Yet ever plotting how the Conqueror least
May reap his conquest, and may least rejoyce
In doing what we most in suffering feel? [ 340 ]
Nor will occasion want, nor shall we need
With dangerous expedition to invade
Heav'n, whose high walls fear no assault or Siege,
Or ambush from the Deep. What if we find
Some easier enterprize? There is a place [ 345 ]
(If ancient and prophetic fame in Heav'n
Err not) another World, the happy seat
Of some new Race call'd Man, about this time
To be created like to us, though less
In power and excellence, but favour'd more [ 350 ]
Of him who rules above; so was his will
Pronounc'd among the Gods, and by an Oath,
That shook Heav'ns whol circumference, confirm'd.
Thither let us bend all our thoughts, to learn
What creatures there inhabit, of what mould, [ 355 ]
Or substance, how endu'd, and what thir Power,
And where thir weakness, how attempted best,
By force or suttlety: Though Heav'n be shut,
And Heav'ns high Arbitrator sit secure
In his own strength, this place may lye expos'd [ 360 ]
The utmost border of his Kingdom, left
To their defence who hold it: here perhaps
Som advantagious act may be achiev'd
By sudden onset, either with Hell fire
To waste his whole Creation, or possess [ 365 ]
All as our own, and drive as we were driven,
The punie habitants, or if not drive,
Seduce them to our Party, that thir God
May prove thir foe, and with repenting hand
Abolish his own works. This would surpass [ 370 ]
Common revenge, and interrupt his joy
In our Confusion, and our Joy upraise
In his disturbance; when his darling Sons
Hurl'd headlong to partake with us, shall curse
Thir frail Original, and faded bliss, [ 375 ]
Faded so soon. Advise if this be worth
Attempting, or to sit in darkness here
Hatching vain Empires. Thus Beelzebub
Pleaded his devilish Counsel, first devis'd
By Satan, and in part propos'd: for whence, [ 380 ]
But from the Author of all ill could Spring
So deep a malice, to confound the race
Of mankind in one root, and Earth with Hell
To mingle and involve, done all to spite
The great Creatour? But thir spite still serves [ 385 ]
His glory to augment. The bold design
Pleas'd highly those infernal States, and joy
Sparkl'd in all thir eyes; with full assent
They vote: whereat his speech he thus renews.
Well have ye judg'd, well ended long debate, [ 390 ]

Paradise Lost Book 2 Summary

  • Book 2 opens with Satan sitting on his throne; he addresses his legions, saying that he still hopes to regain Heaven.
  • He says that now they must debate about the most effective way to fight God; he asks whether all out war or something more subtle is better.
  • Moloch speaks first; he's in favor of open war with God. They should just batter God's throne with all they've got because things can't be possibly get any worse.
  • Belial – a really clever speaker – is up next. He's not in favor of open war because Heaven is too well-fortified and will easily expel the foreign invaders.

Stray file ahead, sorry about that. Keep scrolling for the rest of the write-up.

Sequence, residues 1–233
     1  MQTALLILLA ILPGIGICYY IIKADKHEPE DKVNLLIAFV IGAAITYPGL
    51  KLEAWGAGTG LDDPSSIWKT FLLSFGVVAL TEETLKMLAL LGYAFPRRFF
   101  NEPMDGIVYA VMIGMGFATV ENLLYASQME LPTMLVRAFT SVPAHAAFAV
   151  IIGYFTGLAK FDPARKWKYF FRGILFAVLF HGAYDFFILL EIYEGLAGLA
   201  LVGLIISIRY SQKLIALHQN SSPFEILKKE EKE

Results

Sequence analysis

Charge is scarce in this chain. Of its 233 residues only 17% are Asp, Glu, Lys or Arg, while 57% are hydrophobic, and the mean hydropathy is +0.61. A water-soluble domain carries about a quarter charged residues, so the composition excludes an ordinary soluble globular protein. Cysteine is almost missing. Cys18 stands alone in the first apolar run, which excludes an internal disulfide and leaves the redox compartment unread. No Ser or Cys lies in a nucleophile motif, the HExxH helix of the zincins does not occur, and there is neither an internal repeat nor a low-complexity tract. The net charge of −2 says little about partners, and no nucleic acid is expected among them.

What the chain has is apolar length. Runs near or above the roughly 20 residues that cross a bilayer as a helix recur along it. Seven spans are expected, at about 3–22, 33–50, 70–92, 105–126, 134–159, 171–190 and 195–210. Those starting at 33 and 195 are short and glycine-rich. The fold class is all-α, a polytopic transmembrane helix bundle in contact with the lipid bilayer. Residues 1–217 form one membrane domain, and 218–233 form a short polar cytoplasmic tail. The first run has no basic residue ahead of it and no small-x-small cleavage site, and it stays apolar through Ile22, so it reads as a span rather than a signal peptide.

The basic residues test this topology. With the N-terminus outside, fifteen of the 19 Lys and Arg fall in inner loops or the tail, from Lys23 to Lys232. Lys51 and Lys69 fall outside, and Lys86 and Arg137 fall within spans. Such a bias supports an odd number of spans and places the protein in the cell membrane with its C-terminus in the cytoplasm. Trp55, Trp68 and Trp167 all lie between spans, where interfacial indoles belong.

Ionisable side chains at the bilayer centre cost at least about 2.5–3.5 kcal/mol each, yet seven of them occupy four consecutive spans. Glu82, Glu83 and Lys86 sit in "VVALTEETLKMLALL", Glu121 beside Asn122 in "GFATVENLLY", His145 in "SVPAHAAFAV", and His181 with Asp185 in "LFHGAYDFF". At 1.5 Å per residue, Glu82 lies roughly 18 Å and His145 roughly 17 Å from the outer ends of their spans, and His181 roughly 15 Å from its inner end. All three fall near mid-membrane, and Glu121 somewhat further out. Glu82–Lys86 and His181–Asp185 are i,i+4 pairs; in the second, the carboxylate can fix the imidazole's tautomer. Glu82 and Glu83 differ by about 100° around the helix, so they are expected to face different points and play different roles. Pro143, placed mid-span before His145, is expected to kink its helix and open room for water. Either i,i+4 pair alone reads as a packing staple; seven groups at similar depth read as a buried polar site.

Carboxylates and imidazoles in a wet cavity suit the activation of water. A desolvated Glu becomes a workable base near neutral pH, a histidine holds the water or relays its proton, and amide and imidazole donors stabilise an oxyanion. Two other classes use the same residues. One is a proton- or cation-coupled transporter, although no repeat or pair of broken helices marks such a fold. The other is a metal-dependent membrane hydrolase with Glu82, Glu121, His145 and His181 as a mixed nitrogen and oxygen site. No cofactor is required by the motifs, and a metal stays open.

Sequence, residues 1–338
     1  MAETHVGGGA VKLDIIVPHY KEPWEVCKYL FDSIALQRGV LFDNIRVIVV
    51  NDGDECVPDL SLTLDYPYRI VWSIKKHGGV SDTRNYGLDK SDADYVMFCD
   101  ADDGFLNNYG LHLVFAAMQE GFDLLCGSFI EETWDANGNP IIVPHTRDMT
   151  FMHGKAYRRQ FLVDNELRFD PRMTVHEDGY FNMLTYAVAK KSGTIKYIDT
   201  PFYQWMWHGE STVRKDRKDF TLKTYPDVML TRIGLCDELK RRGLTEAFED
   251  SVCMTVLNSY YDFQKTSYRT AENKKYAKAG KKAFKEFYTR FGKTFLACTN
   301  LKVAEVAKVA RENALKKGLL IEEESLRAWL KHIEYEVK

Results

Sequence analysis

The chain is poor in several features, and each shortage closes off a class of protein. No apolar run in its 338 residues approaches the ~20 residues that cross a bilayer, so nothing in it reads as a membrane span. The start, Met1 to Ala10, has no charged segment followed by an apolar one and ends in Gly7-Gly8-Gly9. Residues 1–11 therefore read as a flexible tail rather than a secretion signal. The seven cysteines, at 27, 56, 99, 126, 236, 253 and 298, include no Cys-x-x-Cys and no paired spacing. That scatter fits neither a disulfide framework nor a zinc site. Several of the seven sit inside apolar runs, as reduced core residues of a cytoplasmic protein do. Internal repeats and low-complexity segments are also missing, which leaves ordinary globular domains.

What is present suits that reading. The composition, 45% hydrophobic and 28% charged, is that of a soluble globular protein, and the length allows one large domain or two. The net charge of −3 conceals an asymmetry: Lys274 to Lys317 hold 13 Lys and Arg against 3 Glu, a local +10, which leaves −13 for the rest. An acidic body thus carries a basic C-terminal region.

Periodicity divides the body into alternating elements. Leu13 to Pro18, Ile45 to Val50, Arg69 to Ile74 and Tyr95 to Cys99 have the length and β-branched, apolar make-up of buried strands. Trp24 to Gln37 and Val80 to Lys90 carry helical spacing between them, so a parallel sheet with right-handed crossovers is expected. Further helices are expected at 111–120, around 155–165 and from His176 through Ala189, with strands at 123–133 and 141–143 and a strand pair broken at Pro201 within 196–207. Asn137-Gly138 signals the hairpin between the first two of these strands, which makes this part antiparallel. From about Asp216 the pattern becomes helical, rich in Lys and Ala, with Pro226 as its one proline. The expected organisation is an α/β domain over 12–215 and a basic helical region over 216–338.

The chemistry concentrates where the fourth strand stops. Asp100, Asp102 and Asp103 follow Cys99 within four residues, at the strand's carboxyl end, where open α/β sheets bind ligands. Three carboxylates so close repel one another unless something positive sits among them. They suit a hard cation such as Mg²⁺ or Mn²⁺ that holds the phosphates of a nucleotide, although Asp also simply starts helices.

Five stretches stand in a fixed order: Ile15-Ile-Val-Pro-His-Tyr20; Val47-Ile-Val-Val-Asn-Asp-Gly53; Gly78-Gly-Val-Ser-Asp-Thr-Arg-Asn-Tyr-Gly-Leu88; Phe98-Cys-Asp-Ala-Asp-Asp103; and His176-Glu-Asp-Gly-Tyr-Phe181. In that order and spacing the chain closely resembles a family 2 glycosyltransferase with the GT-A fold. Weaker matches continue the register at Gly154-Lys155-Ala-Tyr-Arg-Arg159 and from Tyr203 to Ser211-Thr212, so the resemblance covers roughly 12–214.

• And besides, being an angel, even in Hell, is better than death; things could be worse. They could be burned alive by the fires of Hell, chained to the burning lake, etc.
  • Actually, Belial is against any form of war because God will figure out their plans and defeat them. Who knows? Maybe God will relax his punishment if they just put up with it for a while.
  • Mammon is up next; he says it is impossible to defeat God and, even if He forgives everybody, they'll have to be slaves and pay tribute to Him. Not worth it.
  • They should just do what they want in Hell, because they're free there. With a little hard work, they can make the best of their situation.
  • There is applause after this speech; the fallen angels are afraid of another war, and would rather build an empire in Hell to rival Heaven's.
  • Beelzebub rises up; he says it's a joke to think they can have their own empire in Hell. God will eventually exert his dominion over it too.
  • There will be no peace, but they don't necessarily have to assault Heaven. Rumor has it that God is building a new world. They should check it out.
  • Maybe they can destroy mankind, or "Seduce them to our [the devil's] party" (2.368).
  • The fallen angels vote in favor of Beelzebub's plan…supposedly. It sounds rigged.
  • He resumes his speech and asks who is bold enough to try and find this new world?
  • Nobody volunteers, and all the angels are afraid; this is a bold, important, and dangerous task.
  • Satan stands up and addresses the council. He says Hell is a really strong prison and it's hard to get out; if one gets out, then one has to deal with a dark place that has no being ("unessential Night"). It's like stepping off the planet into something unknown.
  • He says he wouldn't be a good sovereign, though, if he were afraid of doing something. He's the leader and should brave more dangers. He'll look for the new world.
  • He tells the angels to make Hell cozier while he's away.
  • The fallen angels greatly respect their leader; they treat him like a "God…equal to the highest in Heav'n" (2.479). He's risking his own life for their sake after all.
  • They shouldn't get too excited; this prospect is kind of like a gleam of sunshine when it's clearly going to rain.
  • The highest-ranking angels emerge from Pandemonium with Satan, who is surrounded by a group of heavily-armed soldiers.